WellCAP drilling curriculum under revision
The IADC Well Control Committee’s Curriculum Subcommittee has recommended changes to the supervisor-level WellCAP drilling curriculum after months of intensive review, debate and discussion.
Chevron’s Goran Andersson, chairman of the IADC WellCAP Curriculum Subcommittee, performed the curriculum review. To keep subcommittee members focused, Mr Andersson challenged them with questions such as, “Who is the student? What do we want that student to learn? Does the content represent global well control perspective?”
The subcommittee placed emphasis on reviewing well control equipment topics, Mr Andersson said.
The most notable changes recommended by the subcommittee are:
• Reorganization of the curriculum document to provide more focus on learning objectives;
• Addition of cased drilling and directional drilling topics;
• Removal of references to coiled tubing, wireline, snubbing and underbalanced operations as they are covered in separate curriculums; and
• Enhancement of the subsea module.
Equipment topics in the current curriculum were deemed adequate to meet industry’s basic needs. Course duration will not be impacted.
Other changes affecting delivery of WellCAP training were recommended. The subcommittee proposed changing the simulator requirement from a “maximum of 30%” of the course time as stated in the WellCAP Handbook of Accreditation to a “minimum simulation time to be not less than 30% of the course time, not including testing time.” The group also proposed that IADC develop a standard glossary of well control terms to be made available to all accredited training providers.
Public comments have been solicited and will be considered before the recommended changes are submitted to the Well Control Committee.
Future curriculum reviews are planned for the Drilling Fundamental curriculum, the Workover/Completion Fundamental and Supervisor level curriculums, and the Wireline curriculum. During these reviews, emphasis will be placed on inclusion of simulation in curriculums where it hadn’t been required due to a lack of simulator software.
Asia Operations Forum to meet in Kuala Lumpur
IADC will hold the next Asia Operations Forum luncheon meeting on 22 November in Kuala Lumpur, Malaysia. Denys Hickey, head of energy and offshore group Asia Pacific region, Ince & Co Singapore, will give a presentation on regulatory challenges and international law developments. Derek Morrow, IADC industry affairs consultant, will provide updates on transboundary oil damage and pollution legislation.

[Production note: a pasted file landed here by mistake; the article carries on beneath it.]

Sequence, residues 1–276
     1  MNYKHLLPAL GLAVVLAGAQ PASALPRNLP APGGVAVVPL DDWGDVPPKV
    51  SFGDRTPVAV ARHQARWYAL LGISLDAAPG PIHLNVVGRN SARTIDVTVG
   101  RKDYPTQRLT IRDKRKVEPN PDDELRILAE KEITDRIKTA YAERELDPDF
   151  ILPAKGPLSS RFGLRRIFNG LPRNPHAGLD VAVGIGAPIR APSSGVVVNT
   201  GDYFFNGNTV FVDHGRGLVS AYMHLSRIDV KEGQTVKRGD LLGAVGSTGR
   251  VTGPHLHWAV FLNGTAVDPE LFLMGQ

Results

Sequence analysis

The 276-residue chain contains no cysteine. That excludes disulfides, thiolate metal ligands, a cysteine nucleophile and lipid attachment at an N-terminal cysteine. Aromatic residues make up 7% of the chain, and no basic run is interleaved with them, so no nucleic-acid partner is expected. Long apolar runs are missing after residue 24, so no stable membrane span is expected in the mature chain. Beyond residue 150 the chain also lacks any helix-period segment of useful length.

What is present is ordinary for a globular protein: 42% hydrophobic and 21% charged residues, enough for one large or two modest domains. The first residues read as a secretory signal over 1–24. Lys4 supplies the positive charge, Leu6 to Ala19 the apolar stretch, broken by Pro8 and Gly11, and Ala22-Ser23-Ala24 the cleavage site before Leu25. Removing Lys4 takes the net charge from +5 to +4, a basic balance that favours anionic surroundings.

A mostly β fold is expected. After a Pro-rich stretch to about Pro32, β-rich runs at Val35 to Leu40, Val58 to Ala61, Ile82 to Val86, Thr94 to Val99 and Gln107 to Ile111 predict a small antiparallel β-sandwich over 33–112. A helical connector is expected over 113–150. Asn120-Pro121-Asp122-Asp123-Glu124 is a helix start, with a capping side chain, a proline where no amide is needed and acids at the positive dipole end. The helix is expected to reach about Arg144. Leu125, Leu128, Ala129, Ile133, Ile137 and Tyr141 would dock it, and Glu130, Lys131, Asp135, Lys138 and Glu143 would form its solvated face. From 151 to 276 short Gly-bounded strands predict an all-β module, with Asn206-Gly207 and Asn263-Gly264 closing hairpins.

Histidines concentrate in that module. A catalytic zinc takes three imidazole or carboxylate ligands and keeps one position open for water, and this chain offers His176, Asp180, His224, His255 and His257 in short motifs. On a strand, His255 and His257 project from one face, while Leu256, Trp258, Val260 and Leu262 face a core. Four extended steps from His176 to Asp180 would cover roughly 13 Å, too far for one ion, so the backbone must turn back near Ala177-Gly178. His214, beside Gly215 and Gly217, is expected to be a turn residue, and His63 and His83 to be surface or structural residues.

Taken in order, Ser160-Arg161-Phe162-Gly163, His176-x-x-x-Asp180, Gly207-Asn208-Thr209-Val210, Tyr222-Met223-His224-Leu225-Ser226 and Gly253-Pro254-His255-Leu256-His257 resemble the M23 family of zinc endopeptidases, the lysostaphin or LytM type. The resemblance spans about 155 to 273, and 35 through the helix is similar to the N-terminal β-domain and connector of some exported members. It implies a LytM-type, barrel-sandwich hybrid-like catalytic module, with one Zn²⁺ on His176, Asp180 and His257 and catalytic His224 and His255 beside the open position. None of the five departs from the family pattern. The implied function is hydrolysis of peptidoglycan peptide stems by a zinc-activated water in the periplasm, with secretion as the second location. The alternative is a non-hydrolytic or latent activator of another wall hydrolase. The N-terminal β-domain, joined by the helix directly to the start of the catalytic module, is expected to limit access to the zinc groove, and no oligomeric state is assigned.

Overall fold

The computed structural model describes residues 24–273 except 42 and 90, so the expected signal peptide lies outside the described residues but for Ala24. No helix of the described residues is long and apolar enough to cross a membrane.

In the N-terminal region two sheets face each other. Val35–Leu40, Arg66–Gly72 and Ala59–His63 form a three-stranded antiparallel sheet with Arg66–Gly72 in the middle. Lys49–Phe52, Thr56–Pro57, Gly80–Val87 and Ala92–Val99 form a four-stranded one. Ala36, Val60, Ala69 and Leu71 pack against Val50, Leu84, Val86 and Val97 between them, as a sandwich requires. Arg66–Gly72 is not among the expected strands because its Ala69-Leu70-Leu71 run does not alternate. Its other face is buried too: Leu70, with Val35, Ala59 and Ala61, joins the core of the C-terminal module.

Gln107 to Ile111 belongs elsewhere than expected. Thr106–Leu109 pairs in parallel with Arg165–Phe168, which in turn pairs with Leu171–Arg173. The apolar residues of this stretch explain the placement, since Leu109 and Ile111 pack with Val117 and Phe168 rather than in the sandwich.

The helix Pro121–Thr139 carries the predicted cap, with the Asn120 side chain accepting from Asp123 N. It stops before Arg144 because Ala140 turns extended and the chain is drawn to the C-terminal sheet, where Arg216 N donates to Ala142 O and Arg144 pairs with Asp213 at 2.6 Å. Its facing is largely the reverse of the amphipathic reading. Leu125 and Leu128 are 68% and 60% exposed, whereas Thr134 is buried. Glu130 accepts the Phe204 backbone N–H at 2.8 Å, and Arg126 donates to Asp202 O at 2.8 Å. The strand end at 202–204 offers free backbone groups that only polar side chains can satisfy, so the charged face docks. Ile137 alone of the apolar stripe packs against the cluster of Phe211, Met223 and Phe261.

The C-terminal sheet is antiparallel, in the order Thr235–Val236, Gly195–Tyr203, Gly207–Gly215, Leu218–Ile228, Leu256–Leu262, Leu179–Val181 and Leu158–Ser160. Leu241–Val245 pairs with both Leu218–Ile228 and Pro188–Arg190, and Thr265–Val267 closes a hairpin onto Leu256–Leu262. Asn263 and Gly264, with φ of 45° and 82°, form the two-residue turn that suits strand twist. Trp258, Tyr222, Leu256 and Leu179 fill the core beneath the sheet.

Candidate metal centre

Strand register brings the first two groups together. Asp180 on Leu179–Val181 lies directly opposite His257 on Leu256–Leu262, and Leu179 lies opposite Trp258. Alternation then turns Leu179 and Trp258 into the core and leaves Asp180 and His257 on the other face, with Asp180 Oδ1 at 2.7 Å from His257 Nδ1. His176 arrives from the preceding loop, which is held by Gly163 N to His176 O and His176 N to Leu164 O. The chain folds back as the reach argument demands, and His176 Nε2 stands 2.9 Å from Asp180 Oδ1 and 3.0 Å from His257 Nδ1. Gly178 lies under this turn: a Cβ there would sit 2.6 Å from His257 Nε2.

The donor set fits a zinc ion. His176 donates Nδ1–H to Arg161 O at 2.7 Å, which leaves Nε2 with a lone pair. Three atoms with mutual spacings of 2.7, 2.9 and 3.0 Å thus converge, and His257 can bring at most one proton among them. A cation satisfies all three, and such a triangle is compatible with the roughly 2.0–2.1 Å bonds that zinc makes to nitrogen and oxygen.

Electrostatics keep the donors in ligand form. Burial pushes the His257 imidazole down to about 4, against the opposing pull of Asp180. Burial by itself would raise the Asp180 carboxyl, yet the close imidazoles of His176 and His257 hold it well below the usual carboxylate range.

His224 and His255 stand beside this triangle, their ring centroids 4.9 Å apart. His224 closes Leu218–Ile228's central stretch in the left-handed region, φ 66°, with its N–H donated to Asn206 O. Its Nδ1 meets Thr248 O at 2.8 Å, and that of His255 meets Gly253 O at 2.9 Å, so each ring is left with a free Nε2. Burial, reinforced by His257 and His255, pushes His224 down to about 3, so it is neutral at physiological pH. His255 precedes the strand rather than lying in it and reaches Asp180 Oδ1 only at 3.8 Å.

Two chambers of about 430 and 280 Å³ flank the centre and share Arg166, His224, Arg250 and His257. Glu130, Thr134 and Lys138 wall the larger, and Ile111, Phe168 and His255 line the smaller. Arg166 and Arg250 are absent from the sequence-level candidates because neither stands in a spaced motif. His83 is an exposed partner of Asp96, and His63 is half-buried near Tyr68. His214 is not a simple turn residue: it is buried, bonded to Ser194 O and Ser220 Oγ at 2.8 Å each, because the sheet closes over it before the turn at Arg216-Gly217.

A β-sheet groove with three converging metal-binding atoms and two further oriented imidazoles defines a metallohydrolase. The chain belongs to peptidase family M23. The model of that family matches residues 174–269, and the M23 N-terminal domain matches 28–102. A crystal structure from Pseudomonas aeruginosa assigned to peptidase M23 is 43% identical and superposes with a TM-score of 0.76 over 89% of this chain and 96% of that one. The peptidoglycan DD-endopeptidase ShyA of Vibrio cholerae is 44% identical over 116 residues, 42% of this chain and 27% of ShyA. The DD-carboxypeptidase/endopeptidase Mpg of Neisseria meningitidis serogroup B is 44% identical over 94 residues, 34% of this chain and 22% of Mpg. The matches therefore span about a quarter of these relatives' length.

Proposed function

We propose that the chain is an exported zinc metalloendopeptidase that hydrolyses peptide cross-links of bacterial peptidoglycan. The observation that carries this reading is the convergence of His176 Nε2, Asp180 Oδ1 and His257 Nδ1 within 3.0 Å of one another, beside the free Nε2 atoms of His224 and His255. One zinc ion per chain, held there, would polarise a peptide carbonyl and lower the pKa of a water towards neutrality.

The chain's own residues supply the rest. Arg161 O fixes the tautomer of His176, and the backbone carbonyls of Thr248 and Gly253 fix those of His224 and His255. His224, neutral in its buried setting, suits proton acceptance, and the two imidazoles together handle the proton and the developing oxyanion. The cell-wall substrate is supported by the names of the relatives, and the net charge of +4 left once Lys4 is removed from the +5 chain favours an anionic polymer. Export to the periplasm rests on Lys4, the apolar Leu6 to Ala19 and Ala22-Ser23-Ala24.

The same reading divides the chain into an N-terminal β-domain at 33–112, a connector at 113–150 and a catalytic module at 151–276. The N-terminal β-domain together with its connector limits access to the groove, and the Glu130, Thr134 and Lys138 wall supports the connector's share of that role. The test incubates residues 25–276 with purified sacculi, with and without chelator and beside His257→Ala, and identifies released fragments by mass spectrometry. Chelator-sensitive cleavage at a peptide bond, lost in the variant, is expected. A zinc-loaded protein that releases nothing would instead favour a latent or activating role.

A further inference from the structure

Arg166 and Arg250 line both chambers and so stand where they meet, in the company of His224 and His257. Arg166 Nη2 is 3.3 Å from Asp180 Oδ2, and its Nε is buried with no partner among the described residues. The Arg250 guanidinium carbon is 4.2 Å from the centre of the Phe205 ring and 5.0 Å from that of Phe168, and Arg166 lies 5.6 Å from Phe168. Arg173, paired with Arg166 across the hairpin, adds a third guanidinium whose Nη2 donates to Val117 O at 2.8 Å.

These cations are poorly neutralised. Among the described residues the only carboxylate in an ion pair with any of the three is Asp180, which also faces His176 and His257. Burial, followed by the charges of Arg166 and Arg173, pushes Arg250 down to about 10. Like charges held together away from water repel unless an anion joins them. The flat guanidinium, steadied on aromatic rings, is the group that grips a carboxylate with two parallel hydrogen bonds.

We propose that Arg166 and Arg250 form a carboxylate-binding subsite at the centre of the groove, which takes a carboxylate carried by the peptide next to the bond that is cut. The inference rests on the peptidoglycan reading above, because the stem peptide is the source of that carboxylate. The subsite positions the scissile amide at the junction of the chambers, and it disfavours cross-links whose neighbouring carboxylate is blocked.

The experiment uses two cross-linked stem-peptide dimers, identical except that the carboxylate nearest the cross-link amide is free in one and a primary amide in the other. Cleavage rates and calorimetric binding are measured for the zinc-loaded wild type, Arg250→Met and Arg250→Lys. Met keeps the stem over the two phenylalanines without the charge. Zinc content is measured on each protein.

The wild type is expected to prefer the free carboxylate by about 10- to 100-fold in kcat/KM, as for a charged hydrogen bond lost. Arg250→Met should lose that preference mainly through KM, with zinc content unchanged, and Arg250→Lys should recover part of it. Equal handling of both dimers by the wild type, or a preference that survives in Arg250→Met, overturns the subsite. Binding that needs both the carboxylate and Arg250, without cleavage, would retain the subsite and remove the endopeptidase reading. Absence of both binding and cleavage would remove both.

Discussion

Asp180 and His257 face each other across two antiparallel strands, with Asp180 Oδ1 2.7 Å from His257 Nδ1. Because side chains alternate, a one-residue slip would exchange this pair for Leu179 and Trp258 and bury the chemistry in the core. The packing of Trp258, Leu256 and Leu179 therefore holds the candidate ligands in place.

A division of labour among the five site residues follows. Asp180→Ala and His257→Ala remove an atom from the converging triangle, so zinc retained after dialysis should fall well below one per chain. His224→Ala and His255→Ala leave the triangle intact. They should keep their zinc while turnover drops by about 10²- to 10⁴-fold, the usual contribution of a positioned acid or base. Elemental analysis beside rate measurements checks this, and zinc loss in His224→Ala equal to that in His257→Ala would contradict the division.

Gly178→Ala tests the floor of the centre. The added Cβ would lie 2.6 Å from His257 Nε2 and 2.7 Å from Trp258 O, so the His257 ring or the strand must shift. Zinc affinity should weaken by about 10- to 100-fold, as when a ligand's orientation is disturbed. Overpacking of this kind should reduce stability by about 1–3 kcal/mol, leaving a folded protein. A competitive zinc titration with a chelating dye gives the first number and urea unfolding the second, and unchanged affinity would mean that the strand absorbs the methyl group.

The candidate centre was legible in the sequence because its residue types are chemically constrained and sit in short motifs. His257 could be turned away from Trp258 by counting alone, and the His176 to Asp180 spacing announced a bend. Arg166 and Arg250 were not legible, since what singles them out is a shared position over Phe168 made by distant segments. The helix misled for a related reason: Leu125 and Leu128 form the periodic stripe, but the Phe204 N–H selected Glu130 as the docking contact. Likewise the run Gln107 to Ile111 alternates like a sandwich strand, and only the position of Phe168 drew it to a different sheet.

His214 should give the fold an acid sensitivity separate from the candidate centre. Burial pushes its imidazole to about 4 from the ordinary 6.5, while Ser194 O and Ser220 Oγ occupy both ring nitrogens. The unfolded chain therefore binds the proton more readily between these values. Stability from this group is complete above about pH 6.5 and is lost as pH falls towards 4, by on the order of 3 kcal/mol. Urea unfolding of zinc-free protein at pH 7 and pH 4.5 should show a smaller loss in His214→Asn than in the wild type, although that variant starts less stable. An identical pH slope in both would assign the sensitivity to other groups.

The meeting begins at noon in the Kelanton Room at the Shangri-La Hotel and will adjourn with a discussion of other topics in the Asia Pacific region, including an update of IADC regional activities.
The IADC Critical Issues Asia Pacific Conference & Exhibition follows at the same hotel on 23-24 November. Conference program and registration details are available online at the IADC website.
New chairman to lead IADC Ethics Committee
James Sanislow, VP and chief compliance officer for Noble Drilling Services, has succeeded Brady Long, VP and general counsel for Ensco, as chairman of the IADC Ethics Committee. Mr Sanislow will oversee his first meeting as chairman on 30 November at IADC’s Houston office.
Mr Long had chaired the committee since its inception in September 2007.
“Brady has given generously of his time and expertise over the past four years,” Dr Lee Hunt, IADC president, said. “He has made a considerable contribution to our industry and an invaluable contribution to IADC.”
EOF discusses need for training to meet future rig demands
Drilling contractors, regulators from Norway, Denmark and Holland, and one oil company representative participated in the European Operations Forum (EOF) meeting in Amsterdam in September.
About 120 rigs will enter the market in the coming years, which will require about 12,000 new crew members. Contractors and a training school proposed the creation of a training program – an idea that was passed on to the IADC Training Committee.
Mohamed El Halimi from the Danish Energy Agency (DEA) presented how DEA is studying Macondo reports to ensure lessons are learned, with the objective to improve HSE legislation.
Magne Ognedal of Norway’s Petroleum Safety Authority (PSA) explained that PSA has concluded that there is little need for changes to existing Norwegian regulations.
IADC.org expands access to association news, ongoing Montara/Macondo investigations
Members looking to keep up with IADC’s presence in the drilling industry can now go to the latest addition to the revamped iadc.org website – IADC in the News. The new page connects readers to online news articles that pertain to IADC. The page is regularly updated and includes articles from multiple sources.
IADC’s website also features a new page focused on the Montara and Macondo investigations, providing a central source for links to published reports by different investigative bodies.